Skip to content
Customer Spotlights

Hybrid Engagement Shows Gateway City Residents the Evolution of their City Budget Based on their Feedback

MassDevelopment – Shirley Ave Participatory Budgeting – Revere, MA

When the city of Revere, a small city north of Boston, reached out to MassDevelopment about gathering local feedback on how $275,000 of their Community Development Block Grant funding would be spent, the development finance agency and land bank knew it would need a unique strategy to connect with residents beyond the usual suspects at public meetings.

Since the pandemic, the world has really cracked open in terms of hybrid community engagement,” says Laura Christopher, MassDevelopment’s TDI Fellow for Revere. “With limited staffing capacity, we wanted to leverage an online platform for building trust and complementing in-person engagement.

Together, MassDevelopment and the city launched a project website on the coUrbanize platform where they could ask questions about specific eligible budget uses and suss out community members’ priorities in their own words.

The city had made a push a few years back for residents to provide feedback on a master plan, and many had done so, but with items in that plan taking years to see completion, it was only natural for community members to wonder what had happened to their suggestions and where they stood in consideration.

People want to see a throughline when they provide feedback,” says Christopher. “When you summarize everyone’s ideas in a study, that’s different from providing a website where everything is documented in their own words.

Another benefit of using a dynamic online forum has been the evolution of the ideas that community members suggest, such as adding a new dog park or a neighborhood tiny library.

People have started to snowball on each other’s ideas and refine them or add on to them,” says Christopher. “Other people could clarify and helped identify existing momentum. We want the people who are already working on things in a grassroots way to be able to meet the people making new suggestions.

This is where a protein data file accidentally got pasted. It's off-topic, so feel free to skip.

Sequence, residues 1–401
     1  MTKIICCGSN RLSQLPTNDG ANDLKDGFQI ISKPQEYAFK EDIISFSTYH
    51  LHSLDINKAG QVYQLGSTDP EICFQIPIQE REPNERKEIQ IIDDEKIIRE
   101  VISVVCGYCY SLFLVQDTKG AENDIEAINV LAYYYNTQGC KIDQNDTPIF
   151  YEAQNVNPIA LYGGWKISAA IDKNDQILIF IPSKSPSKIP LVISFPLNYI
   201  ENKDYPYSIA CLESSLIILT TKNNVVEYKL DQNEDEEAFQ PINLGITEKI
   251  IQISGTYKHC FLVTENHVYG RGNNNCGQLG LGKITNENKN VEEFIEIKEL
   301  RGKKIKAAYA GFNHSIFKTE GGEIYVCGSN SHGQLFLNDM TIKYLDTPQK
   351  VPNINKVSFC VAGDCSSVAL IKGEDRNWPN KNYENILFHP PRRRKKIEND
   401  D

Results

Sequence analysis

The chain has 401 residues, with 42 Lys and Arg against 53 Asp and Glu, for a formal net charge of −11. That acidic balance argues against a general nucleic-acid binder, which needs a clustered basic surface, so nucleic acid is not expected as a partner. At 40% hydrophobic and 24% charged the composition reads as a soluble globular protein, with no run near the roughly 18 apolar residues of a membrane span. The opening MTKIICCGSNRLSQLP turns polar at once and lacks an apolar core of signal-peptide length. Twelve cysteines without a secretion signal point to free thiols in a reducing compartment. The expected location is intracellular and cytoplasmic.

Over the course of the spring and summer, project leaders popped-up at in-person events and stationed tables near the beach and transit stops where they could poll residents and get community members involved who had never provided feedback before because they were working several jobs or had children and didn’t have time to attend public meetings.

From several hundred comments shared on the website, the team gathered 55 unique budget ideas that are now being evaluated for funding eligibility and maintenance feasibility. Approximately 20 projects will be added to the ballot when the community votes on the budget this fall.

A good amount of people will actually see their ideas on the ballot when it’s time to vote,” says Christopher. “That will be really powerful, to have a forum that there’s a record of. For people whose voice wasn’t part of it, we can say, ‘Here’s how your neighbors participated and how you can next time.’

Using coUrbanize, MassDevelopment and the City of Revere:

  • Gathered 55 unique budget ideas from community feedback that will be voted upon as part of the city budget
  • Showed residents a throughline of what happened to their feedback and how it was being considered
  • Engaged residents who had never attended a community meeting due to work and family commitments

To learn more about Shirley Ave Participatory Budgeting, visit the project website here.

Back to top

Related Posts

Want to learn more? Schedule a Demo